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Exact capitalization on link anchors is a bug

Discussion of bugs in Mozilla Firefox
dmcritchie
 
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Post Posted September 3rd, 2004, 1:34 pm

Firefox incorrectly requires matching capitalizations for local link anchors (#)

While unix servers are case sensitive for url names past the domain name
it is incorrect for for this case sensitivity to apply to local anchors.

i.e the follow should all work:
http://www.mvps.org/dmcritchie/firefox/ ... tm#fireFOX
http://www.mvps.org/dmcritchie/firefox/ ... tm#firefox

Tested on both Firefox 0.9.2 and 0.9.3,
no problem in Mozilla, Internet Explorer or any previous browser, I have
ever used.

David McRitchie, and the above is my Firefox page

Mook
 
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Joined: November 7th, 2002, 9:35 pm

Post Posted September 3rd, 2004, 8:57 pm

Hmm, is that supposed to work?

The HTML 4 specs say:
http://www.w3.org/TR/html4/struct/links.html#h-12.2.1 wrote:String matching: Comparisons between fragment identifiers and anchor names must be done by exact (case-sensitive) match.


The same page also says:
http://www.w3.org/TR/html4/struct/links.html#h-12.2.1 wrote:Although the following excerpt is legal HTML, the behavior of the user agent is not defined; some user agents may (incorrectly) consider this a match and others may not.


So maybe it should be done in quirks mode - my simple test says it isn't. That might be worthy of an RFE. (Your page is in strict mode, so there really is no question - it should match the standards.)
poot.

Atropos

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Post Posted September 4th, 2004, 3:11 pm

Mozilla Suite 1.7.2 follows the standards as well.

Mozilla/5.0 (Windows; U; Windows NT 5.1; en-US; rv:1.7.2) Gecko/20040803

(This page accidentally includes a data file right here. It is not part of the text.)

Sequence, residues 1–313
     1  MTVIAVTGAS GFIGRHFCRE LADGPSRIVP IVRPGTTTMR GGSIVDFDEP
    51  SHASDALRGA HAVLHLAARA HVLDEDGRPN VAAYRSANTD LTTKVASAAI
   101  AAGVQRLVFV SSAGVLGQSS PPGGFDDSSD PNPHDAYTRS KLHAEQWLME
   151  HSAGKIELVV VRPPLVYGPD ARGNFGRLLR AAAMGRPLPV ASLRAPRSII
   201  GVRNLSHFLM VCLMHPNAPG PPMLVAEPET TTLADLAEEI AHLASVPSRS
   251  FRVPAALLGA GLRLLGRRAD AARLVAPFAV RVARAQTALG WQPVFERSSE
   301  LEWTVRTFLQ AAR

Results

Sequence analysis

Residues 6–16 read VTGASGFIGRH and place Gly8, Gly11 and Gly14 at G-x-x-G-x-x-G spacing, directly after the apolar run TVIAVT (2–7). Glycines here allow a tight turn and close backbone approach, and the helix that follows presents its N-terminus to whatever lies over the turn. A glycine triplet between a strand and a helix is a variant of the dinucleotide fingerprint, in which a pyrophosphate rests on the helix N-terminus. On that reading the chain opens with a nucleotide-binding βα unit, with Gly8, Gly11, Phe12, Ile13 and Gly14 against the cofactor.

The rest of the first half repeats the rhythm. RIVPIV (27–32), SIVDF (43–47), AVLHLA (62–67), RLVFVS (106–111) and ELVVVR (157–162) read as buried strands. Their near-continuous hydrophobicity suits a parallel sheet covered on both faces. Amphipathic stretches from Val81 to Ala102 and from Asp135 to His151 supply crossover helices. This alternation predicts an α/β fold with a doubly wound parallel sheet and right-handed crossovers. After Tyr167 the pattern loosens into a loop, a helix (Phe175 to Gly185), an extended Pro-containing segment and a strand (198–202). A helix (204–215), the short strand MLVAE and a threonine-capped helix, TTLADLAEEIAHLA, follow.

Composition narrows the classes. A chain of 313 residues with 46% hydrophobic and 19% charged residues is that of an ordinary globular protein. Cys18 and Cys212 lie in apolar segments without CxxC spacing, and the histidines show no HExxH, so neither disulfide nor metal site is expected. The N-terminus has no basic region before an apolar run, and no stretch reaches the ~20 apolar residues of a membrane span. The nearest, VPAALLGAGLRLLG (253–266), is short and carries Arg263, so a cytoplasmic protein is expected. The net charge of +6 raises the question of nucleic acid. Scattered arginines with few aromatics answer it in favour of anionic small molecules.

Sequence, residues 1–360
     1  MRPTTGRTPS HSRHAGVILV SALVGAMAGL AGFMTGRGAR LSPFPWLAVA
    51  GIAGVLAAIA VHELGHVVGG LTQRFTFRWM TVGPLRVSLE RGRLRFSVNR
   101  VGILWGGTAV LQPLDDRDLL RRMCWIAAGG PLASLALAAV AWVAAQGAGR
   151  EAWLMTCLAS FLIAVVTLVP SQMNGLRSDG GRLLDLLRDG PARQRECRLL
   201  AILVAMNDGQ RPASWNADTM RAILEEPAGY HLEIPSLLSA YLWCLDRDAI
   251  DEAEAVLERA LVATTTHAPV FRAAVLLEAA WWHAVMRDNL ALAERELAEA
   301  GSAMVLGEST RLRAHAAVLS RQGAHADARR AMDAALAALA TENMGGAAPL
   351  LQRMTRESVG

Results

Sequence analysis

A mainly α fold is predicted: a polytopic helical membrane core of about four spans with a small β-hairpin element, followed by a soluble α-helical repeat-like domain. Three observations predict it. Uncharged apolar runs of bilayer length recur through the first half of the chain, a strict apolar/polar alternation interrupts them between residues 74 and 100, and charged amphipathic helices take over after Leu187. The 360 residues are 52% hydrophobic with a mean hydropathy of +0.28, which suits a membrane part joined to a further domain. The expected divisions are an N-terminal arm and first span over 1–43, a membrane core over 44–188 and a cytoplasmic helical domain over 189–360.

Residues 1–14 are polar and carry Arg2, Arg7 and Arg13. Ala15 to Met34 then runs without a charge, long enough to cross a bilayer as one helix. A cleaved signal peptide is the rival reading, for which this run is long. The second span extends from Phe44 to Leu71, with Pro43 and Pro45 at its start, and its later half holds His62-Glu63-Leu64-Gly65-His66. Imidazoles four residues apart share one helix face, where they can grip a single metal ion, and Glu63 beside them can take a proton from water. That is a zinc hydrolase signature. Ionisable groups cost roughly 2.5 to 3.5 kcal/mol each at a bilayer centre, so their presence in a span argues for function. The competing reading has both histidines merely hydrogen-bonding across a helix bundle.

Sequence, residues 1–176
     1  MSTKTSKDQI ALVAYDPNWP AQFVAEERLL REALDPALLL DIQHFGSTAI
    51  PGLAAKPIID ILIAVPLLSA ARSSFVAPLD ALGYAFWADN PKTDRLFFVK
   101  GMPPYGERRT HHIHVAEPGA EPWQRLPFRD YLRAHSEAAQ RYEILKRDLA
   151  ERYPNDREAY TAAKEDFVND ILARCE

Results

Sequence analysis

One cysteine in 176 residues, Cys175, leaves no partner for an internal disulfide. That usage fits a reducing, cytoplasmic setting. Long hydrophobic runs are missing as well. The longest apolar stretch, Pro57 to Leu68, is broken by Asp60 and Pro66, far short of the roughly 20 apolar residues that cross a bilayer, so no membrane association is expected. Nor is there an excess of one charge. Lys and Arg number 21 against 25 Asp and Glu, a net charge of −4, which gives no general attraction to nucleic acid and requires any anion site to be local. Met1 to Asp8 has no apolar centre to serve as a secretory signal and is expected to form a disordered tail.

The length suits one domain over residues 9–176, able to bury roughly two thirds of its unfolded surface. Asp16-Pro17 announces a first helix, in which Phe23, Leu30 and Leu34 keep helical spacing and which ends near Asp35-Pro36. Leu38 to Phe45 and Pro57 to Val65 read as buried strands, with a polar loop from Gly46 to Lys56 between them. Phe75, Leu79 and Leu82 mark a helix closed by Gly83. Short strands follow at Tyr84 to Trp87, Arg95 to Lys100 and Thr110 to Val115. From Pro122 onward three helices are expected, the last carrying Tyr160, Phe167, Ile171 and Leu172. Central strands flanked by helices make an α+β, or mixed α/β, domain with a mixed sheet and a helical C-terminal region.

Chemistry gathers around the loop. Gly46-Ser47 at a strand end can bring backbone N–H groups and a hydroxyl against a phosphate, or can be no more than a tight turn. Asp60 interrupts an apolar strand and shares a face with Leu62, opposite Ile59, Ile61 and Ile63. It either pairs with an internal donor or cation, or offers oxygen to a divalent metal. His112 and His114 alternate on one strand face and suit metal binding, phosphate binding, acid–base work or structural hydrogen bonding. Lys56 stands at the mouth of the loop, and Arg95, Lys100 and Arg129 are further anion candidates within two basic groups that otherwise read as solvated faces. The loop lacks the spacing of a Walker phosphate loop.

dmcritchie
 
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Post Posted September 4th, 2004, 4:19 pm

I guess I accidentally put in the "correct" anchorname when I tested with
Mozilla 1.4 or changed my HTML since failing Firefox and succeeding at Mozilla.

But this is a strange standard that after stating that uniqueness of lettering
regardless of capitalization is required, that unmatched capitalization is
specifically undefined (by definition ?), that user agents are free to do
whatever they want with regard to capitalization, and to state that unmatched
capitalization is "(incorrect)".

Atropos

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Post Posted September 4th, 2004, 10:27 pm

They're just saying they are not going to tell you what your web browser should do if finds two of the same id if it incorrectly ignores case. If I told you to paint <i>the car</i> red, and there was more than one, what would you do? Don't ask the W3C, they don't know.

BenBasson
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Post Posted September 5th, 2004, 2:16 am

IMO, it should be case sensitive, just as filenames are. Is there a reason you particularly want them to be non-case sensitive, or was it just an observation?

dmcritchie
 
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Joined: September 3rd, 2004, 1:14 pm

Post Posted September 5th, 2004, 6:07 am

Filenames should never have been case sensiive, that is a unix restriction,
and was very bad software design, if that's what they want on their servers okay,
but it should never be forced on others for their servers.

I don't know what may be in the standard in that regard to filenames but that is the cause
of all of this nonsense. And probably why the standards make VERY clear that
the standard will not allow anchor names that are the same but for letter case.
But having said that it is very contrived to say that it "(should)" be sensitve to lettercase
in usage.

dmcritchie
 
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Joined: September 3rd, 2004, 1:14 pm

Post Posted September 5th, 2004, 7:03 am

Sorry missed the part about WHY I don't want them to be case sensitive.
1) I'd never seen them case sensitive before, anyone I told about Firefox
requiring case sensitivity told me Firefox would be in clear violation of standards

I guess they are not in violation because while the standard very clearly defines that you
can't make different anchors based on lettercase, and while it specifically says that
use of a reference to an anchor not in the same lettercase is UNDEFINED, it then